WASHINGTON, June 5, 2013 – A project to tap into Djibouti’s volcanic riches as a source of geothermal power has the potential to reduce energy costs for the small African country and boost access to electricity for all citizens.
A US$6 million contribution to the Geothermal Power Generation Project was approved by the World Bank Board of Directors today. It will support Djibouti in assessing the commercial viability of the geothermal resource in the Fiale Caldera within the Lake Assal region.
“Djibouti is located in the active East African Rift tectonic region which has a high potential for geothermal, an inexpensive, clean, reliable and renewable way of producing electricity,” said Ilhem Salamon, World Bank Project Team Leader. “Unlike wind or solar which are intermittent sources of energy, geothermal energy can be available at any moment. Developing this rich resource could allow Djibouti to function almost entirely on clean and affordable energy and foster private sector participation in the sector.”
Half of Djibouti’s population does not have access to electricity due to high tariffs, high connection costs and an electricity grid that covers only Djibouti City and its outskirts. The project is the first phase of a two-step process to develop local geothermal generation capacity and could help Djibouti fully meet its peak demand, alleviate energy dependency and reduce electricity production costs by 70 percent. The exploration phase, supported by donors, will assess whether large scale power generation is possible. This will be followed by the competitive tendering of the development of an estimated 56 MW geothermal power plant to private power producers. This clean energy will also mean a reduction in carbon dioxide emissions and a healthier environment for the people.
“The design of this project is built on international best practices as well as on lessons learned from previous attempts to develop the geothermal resource in Djibouti. The project is supported by several of our partners and will bring the latest know-how in this field to Djibouti,” said World Bank Representative in Djibouti, Homa-Zahra Fotouhi. “We are very excited to bring this cutting-edge technology to a country where universal access to electricity seemed a remote hope. This could turn hope into reality.”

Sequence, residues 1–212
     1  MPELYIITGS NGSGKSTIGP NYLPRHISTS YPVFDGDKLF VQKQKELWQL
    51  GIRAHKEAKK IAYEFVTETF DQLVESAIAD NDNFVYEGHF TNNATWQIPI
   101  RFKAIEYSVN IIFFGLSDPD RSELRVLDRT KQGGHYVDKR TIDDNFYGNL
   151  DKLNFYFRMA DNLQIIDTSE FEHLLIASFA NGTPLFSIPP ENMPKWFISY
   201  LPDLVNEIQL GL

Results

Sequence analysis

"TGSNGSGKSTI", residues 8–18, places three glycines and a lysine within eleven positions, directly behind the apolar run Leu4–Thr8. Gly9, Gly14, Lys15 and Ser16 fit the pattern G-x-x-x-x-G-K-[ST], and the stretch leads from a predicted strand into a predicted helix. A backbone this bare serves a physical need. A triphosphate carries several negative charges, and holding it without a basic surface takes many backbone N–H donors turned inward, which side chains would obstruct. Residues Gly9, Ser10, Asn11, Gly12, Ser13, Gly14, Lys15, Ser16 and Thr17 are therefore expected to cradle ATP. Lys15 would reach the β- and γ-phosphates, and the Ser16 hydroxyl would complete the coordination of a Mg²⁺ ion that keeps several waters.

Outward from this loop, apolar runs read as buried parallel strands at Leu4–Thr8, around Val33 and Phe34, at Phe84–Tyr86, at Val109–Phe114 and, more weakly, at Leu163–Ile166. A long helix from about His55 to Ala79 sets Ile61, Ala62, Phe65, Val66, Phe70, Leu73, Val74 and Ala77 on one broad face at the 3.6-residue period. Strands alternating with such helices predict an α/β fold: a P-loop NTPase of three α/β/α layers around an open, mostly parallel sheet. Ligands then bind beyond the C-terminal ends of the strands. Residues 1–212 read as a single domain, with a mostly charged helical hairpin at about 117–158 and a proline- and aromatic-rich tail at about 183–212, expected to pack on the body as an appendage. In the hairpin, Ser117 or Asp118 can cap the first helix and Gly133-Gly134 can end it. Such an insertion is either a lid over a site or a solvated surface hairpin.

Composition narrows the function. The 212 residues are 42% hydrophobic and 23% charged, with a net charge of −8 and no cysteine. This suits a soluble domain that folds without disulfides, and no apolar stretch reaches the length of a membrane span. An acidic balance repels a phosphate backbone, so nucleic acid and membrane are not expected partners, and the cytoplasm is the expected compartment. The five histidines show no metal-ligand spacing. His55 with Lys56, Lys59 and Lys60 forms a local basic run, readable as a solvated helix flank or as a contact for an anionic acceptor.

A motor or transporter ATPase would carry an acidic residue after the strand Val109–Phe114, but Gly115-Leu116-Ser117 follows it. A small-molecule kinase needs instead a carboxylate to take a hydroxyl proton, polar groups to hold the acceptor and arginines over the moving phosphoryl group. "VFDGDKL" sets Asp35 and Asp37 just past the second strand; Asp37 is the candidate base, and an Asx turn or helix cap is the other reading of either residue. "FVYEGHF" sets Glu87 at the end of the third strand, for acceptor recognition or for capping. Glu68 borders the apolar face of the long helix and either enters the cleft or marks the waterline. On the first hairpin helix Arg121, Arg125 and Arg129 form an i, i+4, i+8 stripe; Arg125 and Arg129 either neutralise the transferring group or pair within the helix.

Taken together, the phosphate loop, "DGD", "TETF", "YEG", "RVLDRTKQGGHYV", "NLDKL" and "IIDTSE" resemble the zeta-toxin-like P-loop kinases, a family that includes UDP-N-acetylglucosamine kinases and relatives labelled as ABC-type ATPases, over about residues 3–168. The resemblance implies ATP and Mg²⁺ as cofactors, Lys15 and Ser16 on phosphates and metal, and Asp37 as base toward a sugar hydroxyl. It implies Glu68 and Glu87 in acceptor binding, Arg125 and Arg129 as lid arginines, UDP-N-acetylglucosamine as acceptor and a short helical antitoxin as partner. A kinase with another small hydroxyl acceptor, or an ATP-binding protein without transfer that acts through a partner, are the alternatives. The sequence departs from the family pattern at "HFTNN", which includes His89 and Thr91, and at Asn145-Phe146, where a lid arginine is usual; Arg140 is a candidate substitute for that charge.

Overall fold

The World Bank has mobilized different donors to co-finance the total project costs of US$31 million including Global Environment Facility (GEF), OPEC Fund for International Development (OFID), African Development Bank (AfDB), Agence Française de Développement (AFD), Sustainable Energy Fund for Africa (SEFA) and the Global Geothermal Development Plan (GGDP) through Energy Sector Management Assistance Program (ESMAP). The Government of Djibouti will also make a contribution.
This project is financed by the World Bank’s International Development Association (IDA) which was established in 1960 to help the world’s poorest countries by providing interest-free loans (called ‘credits’) and grants that fund projects to boost economic growth, reduce poverty, and improve poor people’s lives. IDA is one of the largest sources of assistance for the world’s 82 poorest countries. Resources from IDA bring positive change to 2.5 billion people living on less than $2 a day. Since 1960 IDA has supported development work in 108 countries. Annual commitments have increased steadily and averaged around $15 billion over the last 3 years.